Thursday, November 5, 2009
Bees in the Garden
A bee house for mason bees. These bees are solitary, meaning that each one tends to her own brood, about six to eight babies, and all each one needs is a hole the size of a pencil in a block of wood. They do not live in large hives with thousands of workers like honey bees. You can get fancy and create a handsome bee house like the one my son in law did for me.
Watching the comings and goings of your little tenants can be almost as much fun as watching birds at your bird house, and there is no reason to fear their stings. Unlike honey bees they are very gentle; I have let them climb on my hand without problems. They emerge in early spring and are busy through April and May and, perhaps early June. You won't see more activity until next year. You can see the video.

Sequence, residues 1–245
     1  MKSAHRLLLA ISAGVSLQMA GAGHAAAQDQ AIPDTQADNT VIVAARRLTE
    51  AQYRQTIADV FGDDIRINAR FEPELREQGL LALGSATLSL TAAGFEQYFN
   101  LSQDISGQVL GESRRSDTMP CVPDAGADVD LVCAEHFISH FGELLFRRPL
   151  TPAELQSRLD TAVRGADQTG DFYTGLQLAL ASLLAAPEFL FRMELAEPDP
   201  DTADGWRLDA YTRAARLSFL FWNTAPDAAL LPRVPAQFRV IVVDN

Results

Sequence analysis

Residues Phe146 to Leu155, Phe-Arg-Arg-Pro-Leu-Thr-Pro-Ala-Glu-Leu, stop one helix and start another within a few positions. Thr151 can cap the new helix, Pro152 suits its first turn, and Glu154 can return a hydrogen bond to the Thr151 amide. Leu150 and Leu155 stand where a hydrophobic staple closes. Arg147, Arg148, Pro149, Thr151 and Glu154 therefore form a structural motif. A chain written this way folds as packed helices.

This one emerged from its long winter sleep shortly before Easter, so I call it my Easter bunny bee.
Let us provide a habitat for some of the numerous helpers to our gardens, pollinators, a few tips provided by:
Urban Bee Gardens
Selecting Plants for Pollinators
You may also want to build nest boxes for those bees that make their homes in cavities.
There are instructions in several websites:
National Wildlife Federation
Audubon. Bring on the Bees.
Or you may choose to buy a bee house from one of the several companies that make them, such as:
Northwest Nature Shop
Mason Bee Homes
(I am not endorsing any one, just saving you some leg work or mouse work).
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